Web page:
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Strippers, sex workers call on Parliament for fair working conditions

Author
RNZ, Ellie Franco,
Publish Date
Fri, 9 Feb 2024, 5:57PM
Margot Embargot and Vixen Temple outside Parliament. Photo / RNZ, Ellie Franco
Margot Embargot and Vixen Temple outside Parliament. Photo / RNZ, Ellie Franco

Strippers, sex workers call on Parliament for fair working conditions

Author
RNZ, Ellie Franco,
Publish Date
Fri, 9 Feb 2024, 5:57PM

A group of strippers has delivered a petition to Parliament calling for legislation to grant sex workers labour rights that are the same as those given to independent contractors.

Nineteen strippers were fired from Calendar Girls Wellington via a Facebook post in February 2023 for attempting to collectively bargain for fair pay and legal contracts.

A year on, more have been fired from establishments across the motu for speaking out.

Sex work activist group The Fired Up Stilettos (FUS) has now delivered a petition to Parliament; attached was a 52-page-long paper which called for legislation to grant sex workers the same labour rights as those given to independent contractors.

Last week, FUS members and allies rallied on Parliament grounds where pole dancing, chanting and first-hand accounts of the industry were hard to ignore.

Fired Up Stilettos member Margot Embargot kicked off the chanting dressed in her work clothes; fishnets, eight-inch heels and heart-shaped sunglasses - all while addressing the stigma sex workers face in Aotearoa.

Labour and Green MPs with Margot Embargot outside Parliament last week. Photo / RNZ, Ellie FrancoLabour and Green MPs with Margot Embargot outside Parliament last week. Photo / RNZ, Ellie Franco

MPs in attendance included Labour’s Camilla Bellich and Rachel Brooking, and the Green Party’s Chlöe Swarbrick, Scott Willis and Ricardo Menéndez March.

Menéndez March took to the mic and said sex work was work.

“Everyone deserves to have a safe working environment, and our legislation should enable workers to collectively fight for those rights,” Menéndez March said.

“We have a political system that is patriarchal, and that patronising approach has prevented looking at this issue as a safety and a workers’ rights issue.”

Signed and submitted with more than 7000 signatures, The Fired Up Stilettos’ requests include allowing adult entertainers to collectively bargain while maintaining independent contractor status, outlawing fines and bonds imposed by adult entertainment businesses, and establishing the maximum percentage a venue can take from a worker’s earnings.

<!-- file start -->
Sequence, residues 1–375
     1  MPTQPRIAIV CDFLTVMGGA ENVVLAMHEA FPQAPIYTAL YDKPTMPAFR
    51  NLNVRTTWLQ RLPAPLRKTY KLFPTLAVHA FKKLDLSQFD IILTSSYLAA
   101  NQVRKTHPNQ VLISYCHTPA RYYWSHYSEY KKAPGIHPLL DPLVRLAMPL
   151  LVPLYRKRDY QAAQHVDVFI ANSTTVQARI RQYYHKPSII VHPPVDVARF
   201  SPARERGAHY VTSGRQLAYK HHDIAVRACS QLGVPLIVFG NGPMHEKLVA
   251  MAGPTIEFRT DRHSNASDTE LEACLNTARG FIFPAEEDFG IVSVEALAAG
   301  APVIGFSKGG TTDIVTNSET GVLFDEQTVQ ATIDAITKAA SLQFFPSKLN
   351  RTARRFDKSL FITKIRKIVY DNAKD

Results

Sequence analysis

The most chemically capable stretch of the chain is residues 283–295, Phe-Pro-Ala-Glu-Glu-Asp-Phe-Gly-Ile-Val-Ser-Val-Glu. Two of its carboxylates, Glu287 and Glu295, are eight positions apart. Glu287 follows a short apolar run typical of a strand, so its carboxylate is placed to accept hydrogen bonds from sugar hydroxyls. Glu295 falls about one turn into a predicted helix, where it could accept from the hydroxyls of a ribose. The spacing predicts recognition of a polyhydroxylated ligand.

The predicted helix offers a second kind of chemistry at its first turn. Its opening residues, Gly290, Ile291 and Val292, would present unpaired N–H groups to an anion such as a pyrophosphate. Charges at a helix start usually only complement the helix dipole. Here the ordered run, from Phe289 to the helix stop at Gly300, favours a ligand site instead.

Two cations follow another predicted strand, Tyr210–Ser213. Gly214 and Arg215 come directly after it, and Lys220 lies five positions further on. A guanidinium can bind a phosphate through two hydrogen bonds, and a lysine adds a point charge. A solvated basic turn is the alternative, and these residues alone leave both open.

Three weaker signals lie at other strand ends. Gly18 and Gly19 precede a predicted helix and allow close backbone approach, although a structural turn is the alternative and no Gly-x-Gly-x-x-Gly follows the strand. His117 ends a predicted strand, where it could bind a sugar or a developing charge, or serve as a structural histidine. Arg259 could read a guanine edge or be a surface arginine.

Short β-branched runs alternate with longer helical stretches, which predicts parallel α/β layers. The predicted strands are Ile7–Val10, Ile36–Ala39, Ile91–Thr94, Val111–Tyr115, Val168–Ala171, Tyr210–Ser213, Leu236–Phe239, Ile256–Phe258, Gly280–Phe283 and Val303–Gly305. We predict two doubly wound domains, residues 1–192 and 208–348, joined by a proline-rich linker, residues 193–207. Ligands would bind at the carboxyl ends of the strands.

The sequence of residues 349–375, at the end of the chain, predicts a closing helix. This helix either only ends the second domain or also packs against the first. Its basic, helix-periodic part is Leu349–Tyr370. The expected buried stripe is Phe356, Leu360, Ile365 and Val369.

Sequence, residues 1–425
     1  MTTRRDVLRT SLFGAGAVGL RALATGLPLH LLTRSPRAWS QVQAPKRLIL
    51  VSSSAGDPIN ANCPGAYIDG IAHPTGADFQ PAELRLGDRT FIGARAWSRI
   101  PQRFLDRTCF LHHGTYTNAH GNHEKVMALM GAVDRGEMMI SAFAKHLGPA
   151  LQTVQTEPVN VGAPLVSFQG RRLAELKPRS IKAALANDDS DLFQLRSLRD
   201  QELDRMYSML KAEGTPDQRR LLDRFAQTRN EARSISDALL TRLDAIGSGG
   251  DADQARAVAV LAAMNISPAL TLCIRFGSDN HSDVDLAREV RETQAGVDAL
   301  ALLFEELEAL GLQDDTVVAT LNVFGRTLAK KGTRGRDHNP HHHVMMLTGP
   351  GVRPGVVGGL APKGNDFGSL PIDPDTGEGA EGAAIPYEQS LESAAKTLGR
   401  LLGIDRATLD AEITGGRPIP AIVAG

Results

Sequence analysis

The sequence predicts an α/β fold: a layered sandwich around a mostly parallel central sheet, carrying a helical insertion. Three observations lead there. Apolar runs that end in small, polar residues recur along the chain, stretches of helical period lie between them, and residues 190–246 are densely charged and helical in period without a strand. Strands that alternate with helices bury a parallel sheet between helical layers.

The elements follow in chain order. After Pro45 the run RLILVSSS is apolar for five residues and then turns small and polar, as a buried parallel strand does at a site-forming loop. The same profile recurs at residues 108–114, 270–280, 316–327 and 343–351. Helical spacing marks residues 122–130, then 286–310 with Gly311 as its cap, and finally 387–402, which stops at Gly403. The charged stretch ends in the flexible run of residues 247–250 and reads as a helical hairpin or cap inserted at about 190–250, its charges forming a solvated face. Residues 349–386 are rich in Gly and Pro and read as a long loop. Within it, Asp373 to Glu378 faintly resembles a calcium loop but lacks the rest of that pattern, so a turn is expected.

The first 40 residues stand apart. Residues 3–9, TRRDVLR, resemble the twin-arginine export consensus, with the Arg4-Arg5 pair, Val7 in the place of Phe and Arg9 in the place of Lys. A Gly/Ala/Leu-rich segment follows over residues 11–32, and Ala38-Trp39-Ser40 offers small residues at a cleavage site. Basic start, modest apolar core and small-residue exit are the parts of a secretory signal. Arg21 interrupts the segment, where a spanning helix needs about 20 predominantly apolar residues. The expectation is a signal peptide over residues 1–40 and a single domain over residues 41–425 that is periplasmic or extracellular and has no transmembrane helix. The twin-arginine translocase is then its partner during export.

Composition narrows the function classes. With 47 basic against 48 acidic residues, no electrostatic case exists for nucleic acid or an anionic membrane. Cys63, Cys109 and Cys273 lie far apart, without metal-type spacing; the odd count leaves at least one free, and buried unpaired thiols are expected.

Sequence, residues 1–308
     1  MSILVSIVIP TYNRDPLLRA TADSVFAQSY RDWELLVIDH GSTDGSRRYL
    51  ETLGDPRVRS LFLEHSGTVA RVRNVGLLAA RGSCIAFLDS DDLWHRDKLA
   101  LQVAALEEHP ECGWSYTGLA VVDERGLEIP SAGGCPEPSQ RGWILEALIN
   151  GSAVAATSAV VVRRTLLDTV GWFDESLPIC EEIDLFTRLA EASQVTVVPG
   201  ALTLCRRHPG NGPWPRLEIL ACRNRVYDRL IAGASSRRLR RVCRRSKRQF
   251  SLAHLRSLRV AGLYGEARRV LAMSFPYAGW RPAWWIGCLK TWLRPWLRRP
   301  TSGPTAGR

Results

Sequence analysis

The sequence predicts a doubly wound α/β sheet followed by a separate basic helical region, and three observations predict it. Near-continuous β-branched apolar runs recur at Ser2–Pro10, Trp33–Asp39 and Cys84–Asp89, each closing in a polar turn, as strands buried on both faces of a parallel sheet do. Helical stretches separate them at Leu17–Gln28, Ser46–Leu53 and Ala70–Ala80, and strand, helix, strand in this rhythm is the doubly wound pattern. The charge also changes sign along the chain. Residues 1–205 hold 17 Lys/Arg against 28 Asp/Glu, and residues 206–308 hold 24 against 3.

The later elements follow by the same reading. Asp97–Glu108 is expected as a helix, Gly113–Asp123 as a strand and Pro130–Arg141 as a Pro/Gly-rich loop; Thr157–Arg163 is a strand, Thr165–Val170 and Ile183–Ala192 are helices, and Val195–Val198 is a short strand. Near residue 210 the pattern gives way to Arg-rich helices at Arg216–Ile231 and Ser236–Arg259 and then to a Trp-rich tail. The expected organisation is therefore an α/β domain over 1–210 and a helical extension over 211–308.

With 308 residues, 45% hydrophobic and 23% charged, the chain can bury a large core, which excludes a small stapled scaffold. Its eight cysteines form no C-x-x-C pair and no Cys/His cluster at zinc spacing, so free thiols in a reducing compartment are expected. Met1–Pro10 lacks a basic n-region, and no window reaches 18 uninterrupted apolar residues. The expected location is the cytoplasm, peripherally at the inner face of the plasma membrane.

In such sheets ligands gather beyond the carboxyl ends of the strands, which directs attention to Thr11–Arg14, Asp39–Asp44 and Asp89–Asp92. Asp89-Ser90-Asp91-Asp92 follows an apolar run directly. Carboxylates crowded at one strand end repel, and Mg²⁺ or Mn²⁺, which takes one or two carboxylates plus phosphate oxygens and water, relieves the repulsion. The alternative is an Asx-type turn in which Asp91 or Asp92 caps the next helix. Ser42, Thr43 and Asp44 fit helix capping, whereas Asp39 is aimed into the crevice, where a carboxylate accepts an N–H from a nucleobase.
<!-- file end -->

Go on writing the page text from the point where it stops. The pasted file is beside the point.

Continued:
On average, strip club owners take a minimum 50 per cent cut from their dancers and impose illegal “sick day” fines worth more than what strippers make on a typical night.

Labour workplace relations and safety spokesperson Bellich said she was appalled by the conditions adult entertainers worked under.

“The taking of money, for no reason, is not something that should be tolerated in our society,” Bellich said.

“Fining people for standing up to management, and for standing up for their rights, should not be allowed.”

With no legal standing, the bonds imposed by strip clubs work to secure the strippers’ loyalty to the businesses.

Vixen Temple outside Parliament last week. Photo / RNZ, Ellie FrancoVixen Temple outside Parliament last week. Photo / RNZ, Ellie Franco

Dancer and Fired Up Stilettos member Vixen Temple told the crowd on Parliament lawn about the time she was fined $200 for taking a day off work.

Temple had just been diagnosed with PTSD caused by the sexual abuse she said she had faced while working at a club in Dunedin.

“They profit off our trauma. They traumatise us and then they get to make money off us. It’s sick, it’s vicious, and it needs to stop,” Temple said.

“It can stop, and it will stop if this petition gets taken seriously.”

Another dancer known as Lacey Day was working in the South Island when the FUS movement began last year.

Lacey Day. Photo / RNZ, Ellie FrancoLacey Day. Photo / RNZ, Ellie Franco

Day explained how club owners threatened dancers across the country for speaking up.

“We were told that there was a group chat for all club owners and that when girls screw up, they get blacklisted,” Day said.

“We were told if we followed the Fired Up Stilettos pages, our name would get put on that list with the other girls because: ‘those girls will never be able to work in New Zealand again as dancers’.

“Funnily enough that was in a club where I can tell you we did not get fines. So, imagine what it’s like for the clubs that do.”

Margot Embargot and Vixen Temple. Photo / RNZ / Ellie FrancoMargot Embargot and Vixen Temple. Photo / RNZ / Ellie Franco